The electrostatic interaction in ionic fluids is well known to give rise to a characteristic phase behavior and structure. Sometimes its long range is proposed to single out the electrostatic potential over other interactions with shorter ranges. Here the importance of the range for the phase behavior and the structure of ionic fluids is investigated by means of grandcanonical Monte Carlo simulations of the lattice restricted primitive model (LRPM). The long-ranged electrostatic interaction is compared to various types of short-ranged potentials obtained by sharp and/or smooth cutoff schemes. Sharply cutoff electrostatic potentials are found to lead to a strong dependence of the phase behavior and the structure on the cutoff radius. However, when combined with a suitable additional smooth cutoff, the short-ranged LRPM is found to exhibit quantitatively the same phase behavior and structure as the conventional long-ranged LRPM. Moreover, the Stillinger-Lovett perfect screening property, which is well known to be generated by the long-ranged electrostatic potential, is also fulfilled by short-ranged LRPMs with smooth cutoffs. By showing that the characteristic phase behavior and structure of ionic fluids can also be found in systems with short-ranged potentials, one can conclude that the decisive property of the electrostatic potential in ionic fluids is not the long range but rather the valency dependence.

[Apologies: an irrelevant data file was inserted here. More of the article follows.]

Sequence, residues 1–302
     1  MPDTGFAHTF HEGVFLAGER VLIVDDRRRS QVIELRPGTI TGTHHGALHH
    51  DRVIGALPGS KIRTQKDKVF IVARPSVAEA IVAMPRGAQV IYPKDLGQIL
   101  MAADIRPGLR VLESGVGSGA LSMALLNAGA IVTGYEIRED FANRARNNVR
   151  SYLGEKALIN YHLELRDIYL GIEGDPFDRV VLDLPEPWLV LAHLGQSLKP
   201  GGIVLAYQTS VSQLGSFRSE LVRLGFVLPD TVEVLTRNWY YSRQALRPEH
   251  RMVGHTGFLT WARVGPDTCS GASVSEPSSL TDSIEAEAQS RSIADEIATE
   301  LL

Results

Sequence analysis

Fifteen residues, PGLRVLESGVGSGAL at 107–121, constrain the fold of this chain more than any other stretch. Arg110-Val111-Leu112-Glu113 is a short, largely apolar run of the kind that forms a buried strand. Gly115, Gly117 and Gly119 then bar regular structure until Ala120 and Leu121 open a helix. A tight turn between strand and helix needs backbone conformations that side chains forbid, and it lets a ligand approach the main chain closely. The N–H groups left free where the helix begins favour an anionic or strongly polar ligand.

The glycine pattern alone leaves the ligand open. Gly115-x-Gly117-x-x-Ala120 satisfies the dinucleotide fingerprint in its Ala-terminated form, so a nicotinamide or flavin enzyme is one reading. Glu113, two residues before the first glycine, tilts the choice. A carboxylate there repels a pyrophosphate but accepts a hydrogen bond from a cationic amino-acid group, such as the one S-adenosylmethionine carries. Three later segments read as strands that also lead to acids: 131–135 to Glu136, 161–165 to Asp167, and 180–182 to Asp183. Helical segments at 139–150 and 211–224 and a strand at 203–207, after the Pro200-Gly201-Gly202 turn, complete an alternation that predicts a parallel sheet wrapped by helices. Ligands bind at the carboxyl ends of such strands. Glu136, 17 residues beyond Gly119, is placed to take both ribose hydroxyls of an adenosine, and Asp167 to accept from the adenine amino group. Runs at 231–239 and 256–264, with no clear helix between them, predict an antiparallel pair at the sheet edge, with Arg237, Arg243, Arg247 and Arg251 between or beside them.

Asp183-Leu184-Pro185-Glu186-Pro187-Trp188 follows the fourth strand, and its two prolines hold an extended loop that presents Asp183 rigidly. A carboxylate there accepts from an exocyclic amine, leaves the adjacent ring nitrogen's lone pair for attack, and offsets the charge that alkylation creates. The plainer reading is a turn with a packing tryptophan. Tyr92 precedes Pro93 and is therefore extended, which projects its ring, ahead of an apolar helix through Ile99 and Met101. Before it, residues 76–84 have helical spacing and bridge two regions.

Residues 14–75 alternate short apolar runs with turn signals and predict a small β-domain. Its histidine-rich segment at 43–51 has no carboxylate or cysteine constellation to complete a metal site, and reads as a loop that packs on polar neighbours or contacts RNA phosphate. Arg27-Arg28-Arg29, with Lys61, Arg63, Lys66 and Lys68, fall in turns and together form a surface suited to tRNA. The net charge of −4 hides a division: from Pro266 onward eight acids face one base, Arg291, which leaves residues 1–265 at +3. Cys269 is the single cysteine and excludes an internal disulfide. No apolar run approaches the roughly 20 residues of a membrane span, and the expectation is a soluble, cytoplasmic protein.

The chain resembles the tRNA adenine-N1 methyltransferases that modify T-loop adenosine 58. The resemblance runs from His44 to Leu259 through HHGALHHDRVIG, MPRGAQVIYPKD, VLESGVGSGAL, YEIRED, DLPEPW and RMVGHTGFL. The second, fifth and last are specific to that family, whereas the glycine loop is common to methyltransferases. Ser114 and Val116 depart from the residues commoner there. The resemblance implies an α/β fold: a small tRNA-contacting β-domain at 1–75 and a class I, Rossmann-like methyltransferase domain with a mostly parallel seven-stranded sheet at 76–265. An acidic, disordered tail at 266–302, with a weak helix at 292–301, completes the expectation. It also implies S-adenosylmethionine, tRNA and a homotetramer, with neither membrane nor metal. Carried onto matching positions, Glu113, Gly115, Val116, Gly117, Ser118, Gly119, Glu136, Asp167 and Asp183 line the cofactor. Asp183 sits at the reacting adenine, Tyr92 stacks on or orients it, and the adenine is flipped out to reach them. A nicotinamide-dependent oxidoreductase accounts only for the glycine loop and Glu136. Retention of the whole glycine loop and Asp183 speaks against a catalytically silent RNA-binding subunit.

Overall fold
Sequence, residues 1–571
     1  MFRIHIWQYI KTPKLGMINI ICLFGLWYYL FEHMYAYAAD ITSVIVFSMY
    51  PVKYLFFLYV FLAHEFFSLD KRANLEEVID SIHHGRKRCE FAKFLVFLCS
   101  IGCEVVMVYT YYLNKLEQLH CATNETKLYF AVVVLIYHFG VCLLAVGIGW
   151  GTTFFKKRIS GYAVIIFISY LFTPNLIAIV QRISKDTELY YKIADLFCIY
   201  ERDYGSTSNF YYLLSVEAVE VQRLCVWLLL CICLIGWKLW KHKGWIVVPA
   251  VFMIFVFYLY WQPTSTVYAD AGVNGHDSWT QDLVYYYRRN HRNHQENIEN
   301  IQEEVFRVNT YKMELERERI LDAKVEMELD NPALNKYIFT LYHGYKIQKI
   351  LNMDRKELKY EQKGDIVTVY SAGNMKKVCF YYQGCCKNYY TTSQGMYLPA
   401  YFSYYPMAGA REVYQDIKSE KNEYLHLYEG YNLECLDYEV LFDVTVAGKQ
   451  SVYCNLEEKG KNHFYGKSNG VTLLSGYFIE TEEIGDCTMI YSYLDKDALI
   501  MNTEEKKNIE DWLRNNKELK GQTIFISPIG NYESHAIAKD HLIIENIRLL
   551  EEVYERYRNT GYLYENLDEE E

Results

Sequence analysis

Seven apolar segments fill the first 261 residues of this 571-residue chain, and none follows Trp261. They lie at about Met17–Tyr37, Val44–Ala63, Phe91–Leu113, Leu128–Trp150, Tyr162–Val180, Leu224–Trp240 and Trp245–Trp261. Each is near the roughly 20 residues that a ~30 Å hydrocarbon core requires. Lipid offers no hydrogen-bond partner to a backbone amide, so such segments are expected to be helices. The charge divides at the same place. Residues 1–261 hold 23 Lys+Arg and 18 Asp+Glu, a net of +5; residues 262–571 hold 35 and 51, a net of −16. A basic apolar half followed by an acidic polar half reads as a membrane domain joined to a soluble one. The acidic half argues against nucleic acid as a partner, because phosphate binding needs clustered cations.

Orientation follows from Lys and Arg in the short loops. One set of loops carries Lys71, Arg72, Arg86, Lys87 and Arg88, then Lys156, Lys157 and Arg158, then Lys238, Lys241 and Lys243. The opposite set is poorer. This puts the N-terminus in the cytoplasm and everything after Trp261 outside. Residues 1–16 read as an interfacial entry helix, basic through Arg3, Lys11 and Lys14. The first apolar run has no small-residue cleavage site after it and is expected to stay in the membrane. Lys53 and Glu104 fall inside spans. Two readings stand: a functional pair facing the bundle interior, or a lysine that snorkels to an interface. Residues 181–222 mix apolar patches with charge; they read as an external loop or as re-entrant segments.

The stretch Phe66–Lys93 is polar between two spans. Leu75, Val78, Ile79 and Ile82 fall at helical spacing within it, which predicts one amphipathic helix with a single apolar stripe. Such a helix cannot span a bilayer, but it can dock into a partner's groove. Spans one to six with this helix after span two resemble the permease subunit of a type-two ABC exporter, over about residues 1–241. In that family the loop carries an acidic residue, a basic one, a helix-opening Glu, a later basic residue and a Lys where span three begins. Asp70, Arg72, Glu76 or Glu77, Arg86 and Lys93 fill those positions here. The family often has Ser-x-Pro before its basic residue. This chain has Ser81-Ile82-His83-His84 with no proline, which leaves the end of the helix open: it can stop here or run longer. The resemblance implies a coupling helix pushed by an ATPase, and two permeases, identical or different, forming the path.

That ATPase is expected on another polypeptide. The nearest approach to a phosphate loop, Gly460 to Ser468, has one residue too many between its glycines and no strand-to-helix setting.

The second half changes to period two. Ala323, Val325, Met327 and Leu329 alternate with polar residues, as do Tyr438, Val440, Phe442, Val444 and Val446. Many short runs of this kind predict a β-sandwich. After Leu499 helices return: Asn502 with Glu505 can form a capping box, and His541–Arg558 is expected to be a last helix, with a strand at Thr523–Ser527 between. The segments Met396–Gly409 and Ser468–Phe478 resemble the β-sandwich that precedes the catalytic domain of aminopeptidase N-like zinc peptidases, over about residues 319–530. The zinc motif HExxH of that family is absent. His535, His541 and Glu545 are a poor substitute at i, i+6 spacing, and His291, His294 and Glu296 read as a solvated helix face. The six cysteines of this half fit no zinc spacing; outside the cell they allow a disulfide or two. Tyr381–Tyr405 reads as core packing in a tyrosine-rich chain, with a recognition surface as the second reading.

14. Acoustical properties of nonwoven fiber network structures

    NASA Astrophysics Data System (ADS)

    Tascan, Mevlut